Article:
Does my child have ADHD?
I hear this question from parents all the time in my office and from people I meet around town. I am also surprised at how often parents and teachers mistakenly misattribute the “symptoms” for ADHD when the source of the child’s learning or behavioral problems is something environmental either in the home or the learning environment. For example a child who is being bullied might have trouble paying attention in the same way that a child with ADHD misses half the lesson because they are distracted by noise in the hallway.
So how can my child get an accurate diagnosis?
There are many symptom checklist and the like that are often employed by clinicians trying to determine the nature of a child’s inattention and hyperactivity. These lists are helpful; however, they are a measure of symptoms, and not a sample of the child’s performance. Although teacher and parent interviews are essential, as well as cognitive and achievement testing, Mosaic Psychological Services chooses to also use the Test of Variables or Attention (TOVA). This test is like a computer game that the child plays. While the child plays the game the test measures and calculates the child’s responses and response time thus giving the clinician an objective measure of the child’s performance. Also, because the test does not include the use of language or numbers (only symbols), the test is able to rule out any skill deficit as a source of poor performance on the ADHD assessment.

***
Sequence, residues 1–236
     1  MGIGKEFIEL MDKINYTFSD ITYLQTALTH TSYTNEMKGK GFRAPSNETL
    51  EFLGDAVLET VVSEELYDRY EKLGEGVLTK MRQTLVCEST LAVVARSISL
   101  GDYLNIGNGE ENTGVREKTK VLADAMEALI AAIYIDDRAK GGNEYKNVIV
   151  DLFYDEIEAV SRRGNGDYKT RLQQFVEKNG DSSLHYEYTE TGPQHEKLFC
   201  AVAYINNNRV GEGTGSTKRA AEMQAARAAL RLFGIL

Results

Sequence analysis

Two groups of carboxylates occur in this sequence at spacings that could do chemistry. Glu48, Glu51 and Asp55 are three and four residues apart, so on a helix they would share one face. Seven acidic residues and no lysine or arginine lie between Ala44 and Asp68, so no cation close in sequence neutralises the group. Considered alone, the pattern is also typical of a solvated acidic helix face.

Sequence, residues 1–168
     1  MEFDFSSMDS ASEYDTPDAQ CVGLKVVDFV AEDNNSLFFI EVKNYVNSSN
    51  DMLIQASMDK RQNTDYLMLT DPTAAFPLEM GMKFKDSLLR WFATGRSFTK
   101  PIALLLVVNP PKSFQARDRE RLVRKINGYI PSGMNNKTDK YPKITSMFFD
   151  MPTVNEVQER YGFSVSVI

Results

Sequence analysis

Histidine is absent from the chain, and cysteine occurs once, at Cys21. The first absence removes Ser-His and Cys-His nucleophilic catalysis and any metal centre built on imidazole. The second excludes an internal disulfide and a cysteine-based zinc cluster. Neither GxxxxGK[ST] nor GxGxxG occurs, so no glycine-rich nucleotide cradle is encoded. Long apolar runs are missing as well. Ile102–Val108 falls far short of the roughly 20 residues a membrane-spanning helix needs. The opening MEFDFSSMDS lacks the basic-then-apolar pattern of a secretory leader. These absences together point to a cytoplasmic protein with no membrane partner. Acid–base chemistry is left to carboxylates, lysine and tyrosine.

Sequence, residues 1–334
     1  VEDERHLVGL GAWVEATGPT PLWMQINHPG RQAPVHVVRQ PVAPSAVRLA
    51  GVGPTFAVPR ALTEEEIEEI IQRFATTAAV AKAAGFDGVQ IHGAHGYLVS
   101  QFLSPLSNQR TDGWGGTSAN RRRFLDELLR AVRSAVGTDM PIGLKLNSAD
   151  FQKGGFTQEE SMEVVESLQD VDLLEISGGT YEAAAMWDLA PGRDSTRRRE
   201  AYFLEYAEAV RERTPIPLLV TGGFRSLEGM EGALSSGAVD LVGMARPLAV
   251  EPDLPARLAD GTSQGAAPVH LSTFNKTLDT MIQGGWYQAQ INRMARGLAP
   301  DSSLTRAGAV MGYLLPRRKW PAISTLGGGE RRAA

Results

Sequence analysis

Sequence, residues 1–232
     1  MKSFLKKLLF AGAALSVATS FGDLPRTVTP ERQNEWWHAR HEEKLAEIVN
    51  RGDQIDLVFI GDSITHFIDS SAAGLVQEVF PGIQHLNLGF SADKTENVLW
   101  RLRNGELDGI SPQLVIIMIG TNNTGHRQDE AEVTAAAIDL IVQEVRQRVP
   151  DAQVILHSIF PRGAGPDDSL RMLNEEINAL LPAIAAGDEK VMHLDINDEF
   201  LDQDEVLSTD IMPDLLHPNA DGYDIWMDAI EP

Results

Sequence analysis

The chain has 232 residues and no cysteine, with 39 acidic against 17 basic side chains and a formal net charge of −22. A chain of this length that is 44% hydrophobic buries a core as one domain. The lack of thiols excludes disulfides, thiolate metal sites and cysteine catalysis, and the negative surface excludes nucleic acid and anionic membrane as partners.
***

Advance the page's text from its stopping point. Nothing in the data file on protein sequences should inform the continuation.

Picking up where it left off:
I have a diagnosis so what now?
Many parents tell me that they believe their child to have problems with ADHD, but they won’t bother with an ADHD evaluation because they have no plan to give their child medication. Of course any parent would have concerns about starting psychotropic medication. Although medication is often a treatment option for children and adults with ADHD, it is not the only form of intervention. Behavioral modification and therapy is often very helpful in improving functioning for individuals with ADHD. Additionally, ADHD medications may be prescribed in a stimulant and/or non-stimulant form. For individuals who already utilize medication as an option and do not feel that they are receiving the desired effect, the TOVA may be administered while using ADHD medication in order to determine the medication/dosage efficacy. Ultimately, research suggests that a combination of medication plus therapy is the most effective intervention.